It's true that you didn't have to come from South Philadelphia or be an ethnic Italian to win Sunday's first-ever Red Gravy Cook-off, sponsored by the East Passyunk Crossing Civic Association. But there's no doubt those qualities helped give contestants an edge.

South Philadelphia Italians were making and enjoying red gravy well before anyone came up with the name "East Passyunk Crossing" for the neighborhood around 10th and Morris. So, even if they do occasionally spike their gravies with a secret ingredient or two, they hold firm to the belief that "red gravy has to taste a certain way," explained Mark Squilla, the local councilman and South Philadelphia native who served as one of the competition judges.

The cook-off, attended by more than 80 people, brought a wide cross-section of East Passyunk residents to the cafeteria at Neumann Goretti High School to sample seven variations of the traditional gravy. There were newcomers sporting Buffalo plaid and significant facial hair, but also plenty folks who have eaten red gravy every Sunday of their lives.

And all had strong opinions.

"As far I'm concerned, my mother makes the best red gravy," said Joseph F. Marino, co-chair of the civic association. "But I am trying not to be biased since I'm a judge."

Marino, who lives in the house originally owned by his great-grandparents, remembers the days when he could smell the gravies wafting from every window as he walked to church on Sundays. Being an expert in the subject, he wore a red sweatshirt to the cook-off, "so that if I get splashed, it won't be noticed.

"Red gravy," for those who arrived in Philadelphia only yesterday, is the preferred term in these parts for the tomato-based preparation traditionally heaped on macaroni, or, if you insist, pasta. There will always be some disagreement about what constitutes a proper gravy, but longtime South Philadelphians will tell you that it is not to be confused with the brown stuff passed in a spouted cup on Thanksgiving.

Red gravy also needs to include meat, said Squilla, although the definition of meat can be stretched to include crab.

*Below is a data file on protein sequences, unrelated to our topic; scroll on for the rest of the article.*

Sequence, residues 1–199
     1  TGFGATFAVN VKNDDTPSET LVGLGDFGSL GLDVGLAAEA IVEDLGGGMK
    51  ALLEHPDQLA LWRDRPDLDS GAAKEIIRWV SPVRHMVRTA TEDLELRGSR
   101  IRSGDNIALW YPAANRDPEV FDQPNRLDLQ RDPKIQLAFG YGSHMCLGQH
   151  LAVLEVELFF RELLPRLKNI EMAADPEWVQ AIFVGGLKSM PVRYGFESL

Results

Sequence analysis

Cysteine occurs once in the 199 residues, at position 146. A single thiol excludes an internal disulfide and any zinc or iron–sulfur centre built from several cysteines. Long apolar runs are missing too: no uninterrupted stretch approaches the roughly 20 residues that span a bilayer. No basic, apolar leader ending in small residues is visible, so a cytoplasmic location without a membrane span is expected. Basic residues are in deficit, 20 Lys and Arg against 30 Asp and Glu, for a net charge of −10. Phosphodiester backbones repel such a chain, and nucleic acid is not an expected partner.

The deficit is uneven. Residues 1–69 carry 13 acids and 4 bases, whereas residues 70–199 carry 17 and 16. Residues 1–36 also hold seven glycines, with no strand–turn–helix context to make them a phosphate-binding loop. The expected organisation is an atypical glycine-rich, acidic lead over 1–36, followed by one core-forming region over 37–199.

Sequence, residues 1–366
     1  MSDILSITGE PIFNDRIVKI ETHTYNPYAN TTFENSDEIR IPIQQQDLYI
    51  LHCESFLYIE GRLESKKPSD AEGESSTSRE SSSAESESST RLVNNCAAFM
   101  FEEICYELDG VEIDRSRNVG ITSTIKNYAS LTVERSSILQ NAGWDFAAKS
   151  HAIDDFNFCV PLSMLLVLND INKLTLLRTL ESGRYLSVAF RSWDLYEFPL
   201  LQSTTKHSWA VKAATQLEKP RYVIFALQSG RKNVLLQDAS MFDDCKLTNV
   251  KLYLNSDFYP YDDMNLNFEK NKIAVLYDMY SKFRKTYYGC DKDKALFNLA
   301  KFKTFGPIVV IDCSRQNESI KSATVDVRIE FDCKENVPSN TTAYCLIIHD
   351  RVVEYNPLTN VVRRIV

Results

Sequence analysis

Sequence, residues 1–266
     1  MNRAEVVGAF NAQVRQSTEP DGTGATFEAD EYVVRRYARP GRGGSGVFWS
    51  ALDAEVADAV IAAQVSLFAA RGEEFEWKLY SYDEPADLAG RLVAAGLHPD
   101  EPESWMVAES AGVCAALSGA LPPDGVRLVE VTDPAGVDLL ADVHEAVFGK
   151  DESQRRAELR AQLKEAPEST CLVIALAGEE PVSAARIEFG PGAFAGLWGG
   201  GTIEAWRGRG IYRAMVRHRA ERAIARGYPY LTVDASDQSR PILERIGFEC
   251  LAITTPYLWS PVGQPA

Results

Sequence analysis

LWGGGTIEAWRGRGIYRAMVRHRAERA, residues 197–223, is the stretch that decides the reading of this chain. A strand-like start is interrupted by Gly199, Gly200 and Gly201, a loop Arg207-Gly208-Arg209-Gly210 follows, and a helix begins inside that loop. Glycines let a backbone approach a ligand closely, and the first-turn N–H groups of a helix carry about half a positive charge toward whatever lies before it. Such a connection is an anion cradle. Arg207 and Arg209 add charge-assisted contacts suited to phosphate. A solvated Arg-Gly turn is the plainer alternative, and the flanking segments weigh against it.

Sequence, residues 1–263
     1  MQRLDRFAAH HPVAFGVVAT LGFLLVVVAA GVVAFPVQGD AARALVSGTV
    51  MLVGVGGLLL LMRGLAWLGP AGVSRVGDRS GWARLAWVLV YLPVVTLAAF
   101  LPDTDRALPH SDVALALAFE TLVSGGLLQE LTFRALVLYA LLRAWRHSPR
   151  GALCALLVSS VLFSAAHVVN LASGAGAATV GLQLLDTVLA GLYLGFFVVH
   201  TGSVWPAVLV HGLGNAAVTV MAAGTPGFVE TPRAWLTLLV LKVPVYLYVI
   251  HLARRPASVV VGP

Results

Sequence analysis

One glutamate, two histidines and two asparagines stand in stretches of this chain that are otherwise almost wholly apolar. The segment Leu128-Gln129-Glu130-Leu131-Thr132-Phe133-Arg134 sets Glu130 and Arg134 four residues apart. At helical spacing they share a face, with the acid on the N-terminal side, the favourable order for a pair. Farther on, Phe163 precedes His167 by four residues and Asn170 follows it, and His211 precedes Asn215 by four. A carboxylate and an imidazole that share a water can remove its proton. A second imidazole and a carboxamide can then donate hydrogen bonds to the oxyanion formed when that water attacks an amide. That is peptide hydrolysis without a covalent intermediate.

To make a good red gravy, many believe you need to start well in advance and not rush things. Contestant Sam Sherman, who runs the Passyunk Avenue Revitalization Corp., said he started his gravy Saturday by frying onion and garlic in oil. After throwing in some anchovies, pepper flakes, Parmesan rinds and roasted peppers, he let the gravy bubble on top of the stove until just before the 2 p.m. start of the cook-off.

Sherman does not have any Italian heritage, but he said he has an aunt who married an Italian. His contact paid off: He came in first in the popular vote.

As for the judges, they preferred the gravies that hewed closer to tradition.

The winning gravy maker was Carmela Molinari, a 72-year-old immigrant who still appends an extra "a" to her verbs and prepares massive quantities of red gravy every Sunday for a large extended family, most of them still in South Philadelphia. She said she didn't think much of the 12-hour gravies.

"I started at 9:30 this morning and finished at noon," said Molinari, waving her marinara-colored nails as she spoke. She followed the tried-and-true method of frying onions, then adding sausage to the pan. Her trick is to hold off on adding the meatballs until the liquid is rich with tomatoes.

The runner-up in the official judging, Anna Maria Vona, would beg to differ. She let her red gravy with crab bubble on the stove for 13 hours.

No one is really sure why Philadelphia Italians call tomato sauce gravy. Marino suspects immigrants spoke so many different dialects they chose the word as way to establish common ground.

Maybe because he grew up in South Jersey, contestant Matt Simone said he always called the concoction "sauce," despite his own Italian heritage. Since moving to East Passyunk, he decided to embrace the local nomenclature. But it hasn't been easy. "I still call it sauce sometimes," he confessed.

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